At an Earth Day event at the United Nations, Tonya Gonnella Frichner, a celebrated advocate for Indigenous Peoples human rights in the international arena, gave a passionate speech for the restoration and long term protection of Mother Earth.
Gonnella Frichner (Onondaga) is the president and founder of the American Indian Law Alliance and former North American Regional Representative to the United Nations Permanent Forum on Indigenous Issues. On April 22 – International Mother Earth Day – she was invited by the International Indian Treaty Council to be a presenter during the opening ceremony of the 4th Interactive Dialogue of the General Assembly on Harmony with Nature. This year’s theme was: “The promotion of a balanced integration of the economic, social and environmental dimensions of sustainable development through Harmony with Nature.” While her presentation represented diverse elements of civil society – gender, youth, people with disabilities – her perspective was emphatically indigenous.
Gonnella Frichner applauded the 4th Interactive Dialogue goals of linking economic development to sustainability and using a more ethical basis for the relationship between humanity and the natural world. “Harmony with Nature, for Indigenous Peoples, has been our worldview goal and the basis of our existence. We have always served as stewards of Mother Earth and we share with humanity these beliefs, which serve as the basis of our life ways,” she said. “We submit that humanity and the natural world are best served by the full and equal participation of Indigenous Peoples, Women, Youth, and Persons with Disabilities and recognizing their inherent right to self-determination and the principle of free, prior and informed consent in the United Nations development agenda post-2015.”
A recurring mantra throughout the speech was the affirmation that “Mother Earth is a relative, not a resource.” Part of the challenge in changing the way people treat the natural world is that many non-indigenous people think the expression “Mother Earth” is a metaphor, but “it’s not,” Gonnella Frichner told Indian Country Today Media Network.
“I believe that if the rest of civil society and government and industry and their children and their grandchildren understood and got the concept that Mother Earth is just like your mother who you treasure. She’s the most important thing in your life and you wouldn’t as a child want to hurt her,” she said. “And if you carry that through life and see Mother Earth through those lenses then it isn’t logical to not do what you’re supposed to do – to not litter, to not scar the Earth, to not extract everything and turn everything into a contaminated wasteland and let toxins and chemicals run rampant throughout our water and our land.”
Business-as-usual is not the solution; it’s the problem, Gonnella Frichner said.
“Recognizing that current economic models have failed to address some of the most pressing global issues, including global poverty; and recognizing that the current economic models have not leveled the playing field for Indigenous Peoples and other communities at risk, it is clear current economic models are not sustainable and should not be continually repeated and relied upon by all sectors of society. We note that environmental economists attempt to assign market values to the natural world in direct contrast to the worldviews of Indigenous Peoples,” she said in her speech. If natural resources continue to be based on market value, humanity will cease to exist, she said. “We need to start with that premise.”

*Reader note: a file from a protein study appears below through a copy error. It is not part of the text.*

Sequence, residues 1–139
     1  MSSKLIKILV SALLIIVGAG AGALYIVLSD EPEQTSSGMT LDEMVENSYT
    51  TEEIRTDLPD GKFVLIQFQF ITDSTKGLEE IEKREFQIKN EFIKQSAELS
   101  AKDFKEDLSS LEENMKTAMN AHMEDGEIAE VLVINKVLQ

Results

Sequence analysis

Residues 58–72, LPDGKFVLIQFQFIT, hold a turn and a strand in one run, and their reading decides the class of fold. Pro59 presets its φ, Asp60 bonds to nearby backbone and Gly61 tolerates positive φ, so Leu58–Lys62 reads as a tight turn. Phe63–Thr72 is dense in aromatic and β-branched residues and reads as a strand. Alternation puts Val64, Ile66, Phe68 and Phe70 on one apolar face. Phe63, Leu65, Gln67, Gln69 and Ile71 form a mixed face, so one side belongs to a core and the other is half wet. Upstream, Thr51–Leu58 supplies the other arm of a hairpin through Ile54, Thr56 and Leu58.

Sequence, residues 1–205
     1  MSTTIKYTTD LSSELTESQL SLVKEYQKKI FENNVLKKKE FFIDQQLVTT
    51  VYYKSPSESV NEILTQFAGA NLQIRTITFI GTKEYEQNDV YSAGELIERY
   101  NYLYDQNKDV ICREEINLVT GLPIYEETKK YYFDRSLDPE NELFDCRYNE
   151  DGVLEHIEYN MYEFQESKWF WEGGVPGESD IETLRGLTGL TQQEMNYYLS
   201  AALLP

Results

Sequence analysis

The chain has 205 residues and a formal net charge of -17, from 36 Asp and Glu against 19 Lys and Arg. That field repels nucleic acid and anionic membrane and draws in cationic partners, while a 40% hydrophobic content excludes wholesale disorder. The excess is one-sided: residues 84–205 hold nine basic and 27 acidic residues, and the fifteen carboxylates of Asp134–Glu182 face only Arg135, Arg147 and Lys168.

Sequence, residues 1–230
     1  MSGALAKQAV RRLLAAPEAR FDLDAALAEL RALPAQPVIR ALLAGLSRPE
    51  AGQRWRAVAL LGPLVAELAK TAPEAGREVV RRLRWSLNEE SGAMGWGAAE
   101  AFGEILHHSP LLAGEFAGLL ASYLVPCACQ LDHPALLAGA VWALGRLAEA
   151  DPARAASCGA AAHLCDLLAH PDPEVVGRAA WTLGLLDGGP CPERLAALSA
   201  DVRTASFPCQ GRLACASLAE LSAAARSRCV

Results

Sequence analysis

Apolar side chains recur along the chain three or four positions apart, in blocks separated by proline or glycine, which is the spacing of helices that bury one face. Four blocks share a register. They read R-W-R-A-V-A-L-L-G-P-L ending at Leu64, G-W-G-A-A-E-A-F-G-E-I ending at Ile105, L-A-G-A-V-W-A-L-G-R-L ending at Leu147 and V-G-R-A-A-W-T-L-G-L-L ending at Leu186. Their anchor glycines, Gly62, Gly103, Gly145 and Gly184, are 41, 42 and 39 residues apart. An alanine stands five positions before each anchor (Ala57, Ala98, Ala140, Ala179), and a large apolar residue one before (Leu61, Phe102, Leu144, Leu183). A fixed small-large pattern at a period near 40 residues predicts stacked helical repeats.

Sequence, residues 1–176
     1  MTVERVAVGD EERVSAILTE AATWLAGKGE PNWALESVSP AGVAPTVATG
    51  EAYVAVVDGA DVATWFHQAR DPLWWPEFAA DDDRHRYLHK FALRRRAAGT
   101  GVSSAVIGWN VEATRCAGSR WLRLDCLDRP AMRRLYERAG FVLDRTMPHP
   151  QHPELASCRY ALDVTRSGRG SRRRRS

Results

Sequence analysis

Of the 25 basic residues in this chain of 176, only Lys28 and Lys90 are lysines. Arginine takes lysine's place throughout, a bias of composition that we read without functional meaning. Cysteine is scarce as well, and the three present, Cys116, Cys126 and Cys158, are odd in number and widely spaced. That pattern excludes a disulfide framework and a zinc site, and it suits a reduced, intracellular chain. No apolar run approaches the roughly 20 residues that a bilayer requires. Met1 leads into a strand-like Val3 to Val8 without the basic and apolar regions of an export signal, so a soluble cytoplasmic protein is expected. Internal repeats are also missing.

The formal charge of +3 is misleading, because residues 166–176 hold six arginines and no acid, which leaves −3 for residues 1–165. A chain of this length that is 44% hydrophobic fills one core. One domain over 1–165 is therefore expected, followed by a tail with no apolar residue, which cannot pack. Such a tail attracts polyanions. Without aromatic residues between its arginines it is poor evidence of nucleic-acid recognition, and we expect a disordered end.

John Ashe, the president of the General Assembly, warned that the current global population is consuming 50 percent more resources than the planet can provide. “Nature is more than an economic resource,” he said, and human beings “cannot indefinitely extract infinite growth from a finite planet… It is through nature that we are most connected with powerful and interwoven binds, through the air we breathe, the water that sustains life on this earth and the Ozone Layer which protects our biosphere. The sustainability of current and future generations depend on our living in harmony with each other and with nature.”
Gonnella Frichner told ICTMN that she’s hopeful that the degradation of the land, water and air can be slowed down ‘with a huge commitment from humanity,” but it has to be immediate and for that to happen people have to accept the best science that shows climate change is real, it’s happening and it’s accelerating and that we’ve passed the tipping point. “The idea that somehow you have control over how the natural law is going to function and somehow you’re going to fix it is a pretty false hope. It doesn’t work that way. Mother Earth can just shake us off like fleas on a dog – she doesn’t need us – we need her.”
One of the most urgent tasks is to begin restoring the lands and waters contaminated and left behind by industry and government and Indigenous Peoples have an important role to play, according to Gonnella Frichner. “I think Indigenous Peoples need to lead that fight, need to lead by the example of how we’re going to restore our territory – our lands and our waters.”
But industry and government leaders need to step up. “They need to think in terms of the seven generations,” Gonnella Frichner said. “You all have children and grandchildren, nieces and nephews who are dear to you and you want to protect them. When do you start acting like a parent, a grandparent, an aunt, an uncle, looking out for them and protecting them? Isn’t that your responsibility?”